- Hormonal changes (in women)
- Inner ear muscle spasms
- Meniere’s disease
- Temporomandibular joint disorder (TMJ)
- Thyroid problems
Blood vessel disorder causes of tinnitus
- Capillary malformation/Arteriovenous malformation
- High blood pressure
- Irregular blood flow
- Tumors of the head and neck
Medication causes of tinnitus
More than 200 medications are known to cause or worsen tinnitus, both when starting or stopping medication. The higher the dose, the worse the tinnitus. However, for most drugs, the tinnitus usually resolves after you stop taking the medication.
- Antidepressants (only certain kinds)
- Aspirin in high doses
- Cancer medications
- Diuretics (water pills)
What is the treatment for tinnitus?
The first thing to do if you notice tinnitus is to see your primary care doctor. Your doctor will perform an exam and take a health history, and if there is no medical condition found for your tinnitus, they may refer you to an audiologist or an otolaryngologist (ear, nose and throat specialist, or ENT). They will evaluate your tinnitus and perform hearing tests.
Finding tinnitus relief with hearing aids
Though tinnitus cannot be cured, hearing aids can help tinnitus and provide much needed relief. In a 2008 survey of 230 hearing care professionals, 60 percent of patients reported minor to major relief of tinnitus while wearing hearing aids, and 22 percent reported major relief.
How do hearing aids help tinnitus?
Many newer hearing aids include a tinnitus therapy feature. One therapy form is by providing soothing sounds, such as ocean waves or calming white noise, which helps distract you from the tinnitus sound. Signia provides four different therapy signal types, including four nature-inspired ocean wave signals and five white noise sounds.
Another hearing aid feature is Notch Therapy, which pinpoints the frequency of your tinnitus and “pushes” it into the background. Over time, your brain learns to ignore the tinnitus sounds. This particular therapy becomes more effective the longer you use it. Notch Therapy is a very effective option for those suffering from continuous (tonal) tinnitus.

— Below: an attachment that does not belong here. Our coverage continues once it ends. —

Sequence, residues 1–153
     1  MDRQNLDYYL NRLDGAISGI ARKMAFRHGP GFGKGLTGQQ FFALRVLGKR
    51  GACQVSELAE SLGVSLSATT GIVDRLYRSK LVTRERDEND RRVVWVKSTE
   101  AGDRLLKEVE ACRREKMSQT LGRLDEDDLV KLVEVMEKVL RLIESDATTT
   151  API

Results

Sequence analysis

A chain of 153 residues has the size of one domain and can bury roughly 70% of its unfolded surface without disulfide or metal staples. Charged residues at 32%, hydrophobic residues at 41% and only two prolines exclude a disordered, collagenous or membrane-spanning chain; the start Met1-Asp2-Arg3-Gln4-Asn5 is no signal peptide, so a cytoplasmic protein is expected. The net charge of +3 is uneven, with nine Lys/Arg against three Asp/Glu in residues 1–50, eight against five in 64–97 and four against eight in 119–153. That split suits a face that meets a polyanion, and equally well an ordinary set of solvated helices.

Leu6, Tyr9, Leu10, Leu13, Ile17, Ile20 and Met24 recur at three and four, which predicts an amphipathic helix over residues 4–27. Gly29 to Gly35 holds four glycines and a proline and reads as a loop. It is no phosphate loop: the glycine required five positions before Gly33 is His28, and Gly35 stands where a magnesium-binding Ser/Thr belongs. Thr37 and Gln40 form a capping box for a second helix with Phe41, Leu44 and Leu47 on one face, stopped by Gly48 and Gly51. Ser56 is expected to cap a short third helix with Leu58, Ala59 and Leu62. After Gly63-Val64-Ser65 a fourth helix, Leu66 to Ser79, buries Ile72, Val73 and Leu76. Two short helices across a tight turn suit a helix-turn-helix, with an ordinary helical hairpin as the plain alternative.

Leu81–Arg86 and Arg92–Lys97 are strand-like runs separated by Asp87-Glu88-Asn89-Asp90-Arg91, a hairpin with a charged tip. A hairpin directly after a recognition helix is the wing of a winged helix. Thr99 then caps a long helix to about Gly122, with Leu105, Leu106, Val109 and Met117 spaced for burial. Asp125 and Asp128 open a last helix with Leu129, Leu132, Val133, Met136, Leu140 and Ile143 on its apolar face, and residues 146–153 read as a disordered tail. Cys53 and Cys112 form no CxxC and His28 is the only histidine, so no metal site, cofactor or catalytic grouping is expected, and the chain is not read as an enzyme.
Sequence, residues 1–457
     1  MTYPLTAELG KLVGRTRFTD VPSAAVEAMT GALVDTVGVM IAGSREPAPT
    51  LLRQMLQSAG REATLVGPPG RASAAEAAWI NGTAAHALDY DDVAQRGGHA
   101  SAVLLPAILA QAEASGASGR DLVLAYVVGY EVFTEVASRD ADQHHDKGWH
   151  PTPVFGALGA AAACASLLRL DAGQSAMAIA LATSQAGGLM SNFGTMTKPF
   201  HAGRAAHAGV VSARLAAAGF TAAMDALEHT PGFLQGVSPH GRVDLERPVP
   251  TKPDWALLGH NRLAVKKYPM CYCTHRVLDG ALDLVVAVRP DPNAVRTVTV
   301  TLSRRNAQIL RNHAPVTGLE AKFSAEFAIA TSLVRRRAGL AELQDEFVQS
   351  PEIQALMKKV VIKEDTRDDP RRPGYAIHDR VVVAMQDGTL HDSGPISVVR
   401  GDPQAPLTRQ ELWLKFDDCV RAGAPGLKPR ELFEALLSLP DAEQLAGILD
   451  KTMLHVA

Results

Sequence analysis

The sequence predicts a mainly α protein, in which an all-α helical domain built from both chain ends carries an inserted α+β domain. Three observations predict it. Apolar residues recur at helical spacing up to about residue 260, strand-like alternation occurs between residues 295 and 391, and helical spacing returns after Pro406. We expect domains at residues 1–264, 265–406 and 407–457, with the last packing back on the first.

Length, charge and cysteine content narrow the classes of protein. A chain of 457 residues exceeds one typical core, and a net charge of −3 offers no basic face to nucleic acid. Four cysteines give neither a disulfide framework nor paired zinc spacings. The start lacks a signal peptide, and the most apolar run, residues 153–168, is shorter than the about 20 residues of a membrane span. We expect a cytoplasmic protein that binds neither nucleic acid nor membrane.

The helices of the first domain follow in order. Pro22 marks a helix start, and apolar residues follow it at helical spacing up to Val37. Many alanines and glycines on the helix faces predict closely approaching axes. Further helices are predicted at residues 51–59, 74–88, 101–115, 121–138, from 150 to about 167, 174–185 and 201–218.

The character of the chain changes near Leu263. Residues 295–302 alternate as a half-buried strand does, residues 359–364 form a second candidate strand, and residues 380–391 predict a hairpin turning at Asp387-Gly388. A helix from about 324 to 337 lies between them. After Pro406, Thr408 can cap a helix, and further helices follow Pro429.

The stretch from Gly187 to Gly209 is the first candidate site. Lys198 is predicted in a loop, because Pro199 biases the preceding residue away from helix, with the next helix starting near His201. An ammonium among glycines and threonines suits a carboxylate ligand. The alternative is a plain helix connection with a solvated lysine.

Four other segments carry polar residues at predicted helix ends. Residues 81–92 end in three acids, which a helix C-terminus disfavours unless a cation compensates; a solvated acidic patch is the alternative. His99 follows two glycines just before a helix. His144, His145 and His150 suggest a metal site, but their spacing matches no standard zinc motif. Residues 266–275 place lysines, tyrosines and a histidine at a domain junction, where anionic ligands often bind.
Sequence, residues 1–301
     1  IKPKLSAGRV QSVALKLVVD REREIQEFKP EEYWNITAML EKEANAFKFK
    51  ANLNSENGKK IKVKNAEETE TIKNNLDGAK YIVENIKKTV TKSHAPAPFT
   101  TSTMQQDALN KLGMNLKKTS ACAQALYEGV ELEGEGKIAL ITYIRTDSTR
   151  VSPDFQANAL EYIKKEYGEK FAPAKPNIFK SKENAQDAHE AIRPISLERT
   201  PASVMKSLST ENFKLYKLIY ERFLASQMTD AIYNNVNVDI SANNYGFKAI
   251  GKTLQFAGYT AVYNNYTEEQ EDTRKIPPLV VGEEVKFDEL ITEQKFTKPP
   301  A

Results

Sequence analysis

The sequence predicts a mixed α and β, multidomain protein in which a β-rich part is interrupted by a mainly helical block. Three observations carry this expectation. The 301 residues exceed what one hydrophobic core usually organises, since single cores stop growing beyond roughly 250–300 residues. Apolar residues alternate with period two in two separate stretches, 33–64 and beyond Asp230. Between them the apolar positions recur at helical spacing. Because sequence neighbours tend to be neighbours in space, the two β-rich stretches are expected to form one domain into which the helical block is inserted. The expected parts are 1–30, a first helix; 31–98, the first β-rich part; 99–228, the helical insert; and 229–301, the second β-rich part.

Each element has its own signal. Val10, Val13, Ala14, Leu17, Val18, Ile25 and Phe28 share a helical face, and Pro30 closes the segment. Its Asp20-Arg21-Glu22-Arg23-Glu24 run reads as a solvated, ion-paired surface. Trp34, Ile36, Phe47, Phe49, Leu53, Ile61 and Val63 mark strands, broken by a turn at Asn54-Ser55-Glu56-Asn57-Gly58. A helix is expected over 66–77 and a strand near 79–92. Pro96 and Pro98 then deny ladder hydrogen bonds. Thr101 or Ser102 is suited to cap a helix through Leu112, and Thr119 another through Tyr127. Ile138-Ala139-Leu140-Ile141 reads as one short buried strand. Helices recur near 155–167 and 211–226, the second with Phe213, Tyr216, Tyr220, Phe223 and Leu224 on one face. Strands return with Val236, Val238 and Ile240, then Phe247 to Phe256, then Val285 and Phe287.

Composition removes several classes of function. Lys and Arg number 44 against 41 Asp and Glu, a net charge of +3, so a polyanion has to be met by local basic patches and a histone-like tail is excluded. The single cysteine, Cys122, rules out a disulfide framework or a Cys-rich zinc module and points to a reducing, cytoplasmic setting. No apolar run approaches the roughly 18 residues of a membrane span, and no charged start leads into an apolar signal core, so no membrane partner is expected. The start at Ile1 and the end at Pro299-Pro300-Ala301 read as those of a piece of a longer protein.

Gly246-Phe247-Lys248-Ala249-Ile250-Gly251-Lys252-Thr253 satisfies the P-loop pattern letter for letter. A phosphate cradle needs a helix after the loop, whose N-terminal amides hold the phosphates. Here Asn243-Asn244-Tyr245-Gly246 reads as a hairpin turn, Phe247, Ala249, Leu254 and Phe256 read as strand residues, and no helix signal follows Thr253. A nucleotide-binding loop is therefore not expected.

New, open-fit hearing aids may be very effective for some tinnitus sufferers.
The bigger benefit of treating tinnitus with hearing aids is that the associated hearing loss is concurrently treated.
Other tinnitus treatments
- Acoustic neural stimulation uses headphones to deliver a broadband acoustic signal embedded in music. Somewhat similar in concept to Notch Therapy, it changes neural circuits in the brain, retraining them to ignore the tinnitus. This is a new treatment, but has shown effectiveness.
- Anti-depressants and anti-anxiety drugs may be prescribed to improve mood and sleep quality.
- Cognitive behavioral therapy helps you learn to mentally live with your tinnitus by changing the way you think and react, as well as giving you other tasks to help you shift your focus away from the tinnitus.
- Cochlear implants may be used for patients who suffer severe hearing loss as well as tinnitus.
- Wearable and tabletop sound generators mask tinnitus by producing soothing sounds.
Can I prevent tinnitus?
While not all tinnitus can be prevented, by protecting your hearing, you can also prevent further damage that may cause or worsen tinnitus.
Where can I find hearing aids for my tinnitus?
Find the optimum tinnitus strategy for you by getting in touch with your hearing care professional — they will be happy to advise you. They’ll help you select the ideal hearing aid and find the perfect tinnitus therapy, as well as give you tips and tricks to make life with tinnitus more relaxing.